Monday, June 16, 2008

Fuel and the Price of Beans

As of this morning, the cheapest petrol price I saw on the way to work was £1.18 a litre (that’s $8.80 per Gallon US, although bear in mind that our basic grade is 95 octane). Spanish lorry drivers are going on strike, Spanish fishing boats area already on strike.

Am I the only one who thinks this is a good thing? Fewer boats at sea in the long run ought to help overfishing, and about time too; and while some haulage firms might go out of business, companies still need stuff moved and will have to pay what it costs. Yes, we’ll pay more for everything, and that means we’ll have to buy less stuff, which again isn’t such a bad thing. I’d like to see the EU increasing fuel duty. Let’s face it: oil is running out, we’re already fighting wars about it, and in the long run I can’t see it ever getting much cheaper. Let’s not complain about it; let’s learn to live with it.

I’m far more worried about global food prices. We can buy less stuff and drive / fly less, but we still need to eat; and as everyone knows, high food prices hit the poorest people hardest. I guess more can be done to increase the amount of food in the world. Giving land to people who are likely to farm it effectively, for example (I could point to Zimbabwe here, but instead I’ll point to my nice suburban garden); not using edible crops to make biofuel; finding ways of producing more food per acre (which have to be viable long-term, not just short-term). But like the oil thing, there are limits.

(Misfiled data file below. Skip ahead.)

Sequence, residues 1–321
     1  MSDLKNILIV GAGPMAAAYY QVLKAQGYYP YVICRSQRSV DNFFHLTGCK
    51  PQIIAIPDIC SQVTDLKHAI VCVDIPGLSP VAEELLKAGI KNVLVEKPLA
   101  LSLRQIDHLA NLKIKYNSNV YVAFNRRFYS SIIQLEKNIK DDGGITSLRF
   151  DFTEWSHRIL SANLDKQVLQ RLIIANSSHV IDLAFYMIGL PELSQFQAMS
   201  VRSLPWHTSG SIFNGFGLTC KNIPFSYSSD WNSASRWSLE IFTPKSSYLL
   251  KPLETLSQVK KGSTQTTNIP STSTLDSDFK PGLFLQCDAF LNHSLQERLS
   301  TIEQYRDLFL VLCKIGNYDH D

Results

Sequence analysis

In the long run the problem is that there are just too many of us on the planet, and still more every day. Sadly I’m contributing to this problem too, since I have two children. Easy for me to say this now, I suppose, but we need to move away from a mindset that worries about falling birth rates and who’s going to support the aging population, and try to reinvent our economy in a way which copes with falling and aging populations. Maybe allowing more immigration would help.


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